WATCH: An Edmonton mother is calling on an outreach program to clean up after its clients. As Kendra Slugoski reports, all parties agree more needs to be done to keep everyone safe.
EDMONTON – McCauley residents in central Edmonton are calling on an outreach program to do more to keep their parks and streets safe from used needles.
One Edmonton mother claims her eight-year-old daughter recently stepped on a syringe in Giovanni Caboto Park. “Luckily,” she wrote in her letter to the Edmonton Journal, “she stepped on the plastic end, not the sharp [end], which was sticking out with blood visible.”
Kylee Nixon added that this wasn’t the first such incident for the family. A few years ago, her husband reportedly stepped on a broken needle that had been discarded in their backyard.
Former drug addict Jody Swabe admits to having shot up heroin in the park. She says she never dumped her needles there. Instead, she would pick up those left behind by others — of which, she said, there would be many.
“Like seeing a gum wrapper on the ground.”
“I was always cautious because I thought of the other people. But when you get in a certain head space with drug use, you just don’t care.”
The outreach group that the Edmonton mother is laying part of the blame on is Streetworks, which hands out a million needles to Edmonton drug users every year.
“The concept is an exchange. People bring back needles and obtain clean needles,” explained Dr. Stan Houston.
In addition to drop-boxes that are set up in the inner city for people to safely dispose of their needles, the outreach program also does a “needle clean-up” every spring.
It says the program is working, citing a decreased rate of HIV infection in drug users as proof.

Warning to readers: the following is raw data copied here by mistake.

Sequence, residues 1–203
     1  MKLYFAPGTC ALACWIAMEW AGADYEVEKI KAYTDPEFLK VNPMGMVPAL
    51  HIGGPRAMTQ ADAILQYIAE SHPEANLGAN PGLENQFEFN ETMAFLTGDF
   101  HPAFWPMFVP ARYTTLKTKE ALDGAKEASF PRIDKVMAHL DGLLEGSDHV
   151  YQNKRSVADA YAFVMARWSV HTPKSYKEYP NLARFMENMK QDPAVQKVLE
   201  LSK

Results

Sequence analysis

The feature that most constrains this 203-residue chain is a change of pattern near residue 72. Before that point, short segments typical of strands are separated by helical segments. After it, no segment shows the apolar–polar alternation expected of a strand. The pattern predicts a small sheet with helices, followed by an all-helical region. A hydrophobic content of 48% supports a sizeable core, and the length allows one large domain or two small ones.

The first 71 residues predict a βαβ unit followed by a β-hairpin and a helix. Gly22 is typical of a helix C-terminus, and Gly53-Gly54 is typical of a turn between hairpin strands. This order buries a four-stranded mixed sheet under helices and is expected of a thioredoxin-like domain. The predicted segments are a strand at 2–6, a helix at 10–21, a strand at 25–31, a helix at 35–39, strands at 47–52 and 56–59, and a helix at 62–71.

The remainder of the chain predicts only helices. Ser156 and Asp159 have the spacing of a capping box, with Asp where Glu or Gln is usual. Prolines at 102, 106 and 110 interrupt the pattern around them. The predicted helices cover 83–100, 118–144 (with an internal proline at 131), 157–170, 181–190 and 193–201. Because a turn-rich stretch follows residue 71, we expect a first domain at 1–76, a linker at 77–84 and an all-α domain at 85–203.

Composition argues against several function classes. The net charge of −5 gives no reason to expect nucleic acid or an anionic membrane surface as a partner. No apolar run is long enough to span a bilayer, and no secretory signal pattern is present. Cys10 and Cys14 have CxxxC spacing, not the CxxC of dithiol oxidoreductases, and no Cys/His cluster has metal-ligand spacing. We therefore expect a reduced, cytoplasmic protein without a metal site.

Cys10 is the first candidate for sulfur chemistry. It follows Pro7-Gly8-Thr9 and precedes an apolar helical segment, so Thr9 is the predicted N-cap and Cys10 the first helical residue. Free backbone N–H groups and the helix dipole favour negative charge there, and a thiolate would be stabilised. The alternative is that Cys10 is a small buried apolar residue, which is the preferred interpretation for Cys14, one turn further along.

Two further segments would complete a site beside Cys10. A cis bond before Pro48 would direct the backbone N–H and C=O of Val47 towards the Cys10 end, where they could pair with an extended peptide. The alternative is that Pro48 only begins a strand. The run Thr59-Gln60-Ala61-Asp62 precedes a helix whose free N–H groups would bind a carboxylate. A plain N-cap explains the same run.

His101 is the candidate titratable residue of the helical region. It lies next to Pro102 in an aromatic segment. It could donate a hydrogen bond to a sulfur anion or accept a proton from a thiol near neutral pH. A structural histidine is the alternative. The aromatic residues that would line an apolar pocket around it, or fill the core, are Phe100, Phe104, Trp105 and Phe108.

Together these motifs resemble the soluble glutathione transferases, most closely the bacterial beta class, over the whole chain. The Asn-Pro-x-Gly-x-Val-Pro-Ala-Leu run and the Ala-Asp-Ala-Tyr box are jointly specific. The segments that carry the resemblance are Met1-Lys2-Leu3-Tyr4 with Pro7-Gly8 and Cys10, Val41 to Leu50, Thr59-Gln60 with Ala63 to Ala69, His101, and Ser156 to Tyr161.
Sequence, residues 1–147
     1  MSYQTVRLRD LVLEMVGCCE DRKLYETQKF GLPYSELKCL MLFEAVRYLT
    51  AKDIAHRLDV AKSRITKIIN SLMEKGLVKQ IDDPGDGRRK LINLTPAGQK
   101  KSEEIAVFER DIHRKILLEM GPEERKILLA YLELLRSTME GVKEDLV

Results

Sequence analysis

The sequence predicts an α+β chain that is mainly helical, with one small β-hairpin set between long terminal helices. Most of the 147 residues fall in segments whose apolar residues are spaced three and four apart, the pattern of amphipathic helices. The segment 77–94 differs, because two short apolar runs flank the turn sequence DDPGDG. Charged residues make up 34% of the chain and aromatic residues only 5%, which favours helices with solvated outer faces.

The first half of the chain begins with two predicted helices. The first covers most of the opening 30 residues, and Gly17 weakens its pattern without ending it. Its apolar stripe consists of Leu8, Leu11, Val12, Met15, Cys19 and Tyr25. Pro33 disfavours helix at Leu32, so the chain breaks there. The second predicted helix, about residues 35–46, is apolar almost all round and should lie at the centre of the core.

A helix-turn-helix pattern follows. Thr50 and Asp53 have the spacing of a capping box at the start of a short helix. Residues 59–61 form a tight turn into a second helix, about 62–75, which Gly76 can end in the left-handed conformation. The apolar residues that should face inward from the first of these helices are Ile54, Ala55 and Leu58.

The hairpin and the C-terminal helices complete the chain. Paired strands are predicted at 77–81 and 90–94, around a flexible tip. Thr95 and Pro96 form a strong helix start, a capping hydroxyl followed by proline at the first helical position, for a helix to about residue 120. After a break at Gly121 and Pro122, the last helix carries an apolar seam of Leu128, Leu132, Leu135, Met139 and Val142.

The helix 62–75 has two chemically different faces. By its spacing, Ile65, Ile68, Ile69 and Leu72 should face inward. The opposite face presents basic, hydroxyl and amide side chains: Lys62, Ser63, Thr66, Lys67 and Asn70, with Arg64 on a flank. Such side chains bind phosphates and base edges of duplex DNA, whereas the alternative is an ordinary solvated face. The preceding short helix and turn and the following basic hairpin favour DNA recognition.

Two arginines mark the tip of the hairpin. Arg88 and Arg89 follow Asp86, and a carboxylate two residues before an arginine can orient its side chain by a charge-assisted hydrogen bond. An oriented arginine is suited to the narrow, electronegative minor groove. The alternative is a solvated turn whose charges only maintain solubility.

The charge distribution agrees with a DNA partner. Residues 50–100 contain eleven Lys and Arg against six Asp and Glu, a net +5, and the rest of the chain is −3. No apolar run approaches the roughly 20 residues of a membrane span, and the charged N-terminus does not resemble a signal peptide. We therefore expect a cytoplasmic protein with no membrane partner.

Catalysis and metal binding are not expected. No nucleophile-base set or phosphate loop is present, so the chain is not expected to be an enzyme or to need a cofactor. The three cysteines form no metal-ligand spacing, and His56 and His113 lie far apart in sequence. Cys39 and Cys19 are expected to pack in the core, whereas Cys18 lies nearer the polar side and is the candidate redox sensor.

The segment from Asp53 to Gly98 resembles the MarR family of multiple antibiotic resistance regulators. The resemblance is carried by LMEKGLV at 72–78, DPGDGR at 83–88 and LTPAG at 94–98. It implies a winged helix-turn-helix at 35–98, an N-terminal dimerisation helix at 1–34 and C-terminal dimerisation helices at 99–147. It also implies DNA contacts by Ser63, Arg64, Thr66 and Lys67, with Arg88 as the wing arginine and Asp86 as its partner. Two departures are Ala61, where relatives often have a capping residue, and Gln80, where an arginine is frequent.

But at least one business owner in the area, who says he picks up needles all the time on his property, may disagree.
Houston admits the system is far from perfect, adding that public spaces being littered with needles is “unacceptable.”
He thinks part of the solution lies in continuing to deal with the issue of homelessness that plagues the city.
The doctor also believes that a safe injection site, similar to the one Vancouver has, would help take drug use off Edmonton’s streets.
“In Vancouver what they found was that the safe injection site reduced public injection, reducing needles in the streets,” he said. “I think that’s something we should be seriously looking into.”
Swabe, now almost four years clean, says it’s not as simple as that.
“I think there’s more education, more access to detox centres, recovery centres [needed]. Because you need a place to go after you stop using the drug. Not back to the street.”
A safe injection site is not something the province is currently considering. It would also need the support of the federal government and the city.
If you see a used needle, the city says to call 311. You can also find more information about safe needle disposal on the city’s website.
With files from Kendra Slugoski, Global News
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